ALBURY coroner Gordon Lerve has dispensed with holding an inquiry into the $4.7 million Walla-Gerogery bushfire.
Mr Lerve yesterday said an inquiry would reveal nothing not already known about the December 17 blaze, which
destroyed five homes and killed more than 1000 sheep and cattle.
“It is apparent that the fire started at the Walla township rubbish tip some time after about 1.45pm,” Mr Lerve said.
“The actual cause of the fire cannot be determined on the available material.
“Further, it is my opinion that an inquiry would not be any more successful in determining the actual cause of the fire.”
Mr Lerve’s decision was met with mixed emotions from those affected, including volunteer firefighter Tony Halpin, whose Gerogery home was razed.
“There’d be nothing really to come out of (a coronial inquiry); it’d just be a waste of time and money,” he said.
“We knew it started at the tip and trying to work out what started it ... it could be multiple things — glass, spontaneous combustion — I don’t think we’d find anything going any further.”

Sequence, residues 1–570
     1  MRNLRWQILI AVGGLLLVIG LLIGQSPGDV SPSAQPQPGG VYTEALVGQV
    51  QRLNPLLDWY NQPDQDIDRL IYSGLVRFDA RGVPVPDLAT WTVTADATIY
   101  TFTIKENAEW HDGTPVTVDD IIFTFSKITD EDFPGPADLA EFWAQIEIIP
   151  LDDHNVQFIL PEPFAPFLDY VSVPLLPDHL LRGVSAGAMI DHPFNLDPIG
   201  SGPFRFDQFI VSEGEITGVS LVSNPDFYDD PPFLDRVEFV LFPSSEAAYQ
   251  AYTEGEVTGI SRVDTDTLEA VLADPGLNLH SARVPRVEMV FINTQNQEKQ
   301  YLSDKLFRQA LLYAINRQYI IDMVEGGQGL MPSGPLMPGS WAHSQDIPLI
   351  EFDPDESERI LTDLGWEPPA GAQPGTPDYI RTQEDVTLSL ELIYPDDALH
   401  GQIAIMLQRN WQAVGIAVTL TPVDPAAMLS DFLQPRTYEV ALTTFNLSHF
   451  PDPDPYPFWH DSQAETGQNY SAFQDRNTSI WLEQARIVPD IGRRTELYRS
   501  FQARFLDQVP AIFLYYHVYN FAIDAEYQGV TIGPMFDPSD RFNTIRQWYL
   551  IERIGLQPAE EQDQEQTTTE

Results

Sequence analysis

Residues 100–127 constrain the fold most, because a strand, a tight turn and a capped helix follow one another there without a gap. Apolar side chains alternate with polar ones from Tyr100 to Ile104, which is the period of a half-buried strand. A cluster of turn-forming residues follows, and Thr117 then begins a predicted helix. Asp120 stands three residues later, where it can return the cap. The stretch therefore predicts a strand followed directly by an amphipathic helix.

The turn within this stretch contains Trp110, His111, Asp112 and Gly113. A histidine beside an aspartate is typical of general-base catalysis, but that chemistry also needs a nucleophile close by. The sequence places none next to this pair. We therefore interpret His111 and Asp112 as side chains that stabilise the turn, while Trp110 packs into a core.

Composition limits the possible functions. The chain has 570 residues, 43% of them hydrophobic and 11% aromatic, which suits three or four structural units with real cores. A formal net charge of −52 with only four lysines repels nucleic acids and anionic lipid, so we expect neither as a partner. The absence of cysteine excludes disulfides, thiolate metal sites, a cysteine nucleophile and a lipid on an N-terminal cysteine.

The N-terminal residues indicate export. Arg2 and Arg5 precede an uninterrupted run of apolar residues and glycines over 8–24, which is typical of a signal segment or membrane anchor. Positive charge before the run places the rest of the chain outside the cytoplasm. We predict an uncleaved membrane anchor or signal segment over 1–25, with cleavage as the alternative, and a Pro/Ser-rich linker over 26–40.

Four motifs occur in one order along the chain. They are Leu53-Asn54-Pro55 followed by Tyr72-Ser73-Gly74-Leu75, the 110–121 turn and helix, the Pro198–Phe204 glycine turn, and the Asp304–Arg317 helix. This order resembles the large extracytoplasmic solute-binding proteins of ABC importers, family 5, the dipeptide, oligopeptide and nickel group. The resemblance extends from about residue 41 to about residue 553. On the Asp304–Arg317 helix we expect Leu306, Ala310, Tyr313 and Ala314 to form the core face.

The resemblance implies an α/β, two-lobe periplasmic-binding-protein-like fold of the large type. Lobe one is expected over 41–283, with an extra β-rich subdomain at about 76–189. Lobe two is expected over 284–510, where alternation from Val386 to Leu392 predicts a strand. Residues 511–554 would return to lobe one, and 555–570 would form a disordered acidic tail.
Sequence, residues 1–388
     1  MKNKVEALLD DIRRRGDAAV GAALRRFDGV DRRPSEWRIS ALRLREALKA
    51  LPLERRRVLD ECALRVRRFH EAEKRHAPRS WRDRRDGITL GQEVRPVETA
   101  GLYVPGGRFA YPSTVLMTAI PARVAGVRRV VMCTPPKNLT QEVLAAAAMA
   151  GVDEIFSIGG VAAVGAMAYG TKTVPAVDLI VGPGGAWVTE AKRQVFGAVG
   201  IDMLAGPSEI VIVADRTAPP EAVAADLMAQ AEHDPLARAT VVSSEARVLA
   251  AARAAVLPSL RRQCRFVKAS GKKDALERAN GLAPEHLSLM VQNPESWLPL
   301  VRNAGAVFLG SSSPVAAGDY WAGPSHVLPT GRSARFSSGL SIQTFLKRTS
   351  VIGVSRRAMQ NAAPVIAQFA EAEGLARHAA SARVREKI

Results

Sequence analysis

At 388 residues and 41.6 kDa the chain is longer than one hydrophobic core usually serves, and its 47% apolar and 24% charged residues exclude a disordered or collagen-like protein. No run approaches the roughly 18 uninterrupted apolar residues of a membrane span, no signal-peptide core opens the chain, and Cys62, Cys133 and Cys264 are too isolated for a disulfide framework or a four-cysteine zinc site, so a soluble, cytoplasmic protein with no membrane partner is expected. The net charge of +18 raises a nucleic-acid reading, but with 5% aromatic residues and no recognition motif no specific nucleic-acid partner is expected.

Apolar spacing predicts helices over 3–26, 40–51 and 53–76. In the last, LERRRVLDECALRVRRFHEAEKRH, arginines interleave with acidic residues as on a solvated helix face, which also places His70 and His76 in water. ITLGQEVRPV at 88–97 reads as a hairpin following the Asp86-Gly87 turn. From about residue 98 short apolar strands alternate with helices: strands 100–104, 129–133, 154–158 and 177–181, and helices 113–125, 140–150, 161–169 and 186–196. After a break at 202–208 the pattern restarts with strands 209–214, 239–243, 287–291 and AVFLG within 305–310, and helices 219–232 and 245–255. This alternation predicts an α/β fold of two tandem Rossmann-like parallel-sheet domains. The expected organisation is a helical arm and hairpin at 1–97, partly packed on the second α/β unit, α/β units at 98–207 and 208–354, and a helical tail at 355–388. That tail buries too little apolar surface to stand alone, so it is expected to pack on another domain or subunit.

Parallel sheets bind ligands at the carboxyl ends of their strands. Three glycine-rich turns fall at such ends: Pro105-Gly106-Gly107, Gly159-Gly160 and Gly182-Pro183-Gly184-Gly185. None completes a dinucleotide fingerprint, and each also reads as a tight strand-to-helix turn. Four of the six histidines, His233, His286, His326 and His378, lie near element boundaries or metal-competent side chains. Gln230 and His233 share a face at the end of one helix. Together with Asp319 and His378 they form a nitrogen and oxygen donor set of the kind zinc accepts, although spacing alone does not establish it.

Mr Halpin is among the fire victims involved in a class action against the Greater Hume Shire, as is Jim Bulman, who owns a small property at Gerogery.
Mr Bulman believes there should be a probe into why and how the blaze started and the council should be held accountable for its management of the tip.
“It’s not good enough,” he said last night.
Mr Lerve said in his reasons for dispensing with an inquiry, that the weather conditions on the day were appalling, with a temperature of 40.3 degrees and winds up to 107kmh, and the fire had spread very quickly over a large area.
“Due to the hard work and efforts of many local citizens and local fire brigades, the fire was eventually extinguished at Gerogery,” he said.
A detailed list of losses shows five houses destroyed, four damaged, 17 outbuildings burnt down, six vehicles lost, 1005 sheep and 173 cattle killed, 248km of fencing and 471.3ha of unharvested crop burnt.
Mr Lerve said long-time Walla resident and fire captain John Jacob believed the fire had started in combustible material, such as grass clippings, at the tip.
Mr Lerve said experienced and qualified fire investigator Stephen Walker believed the fire had started at the tip and spread at a rapid rate.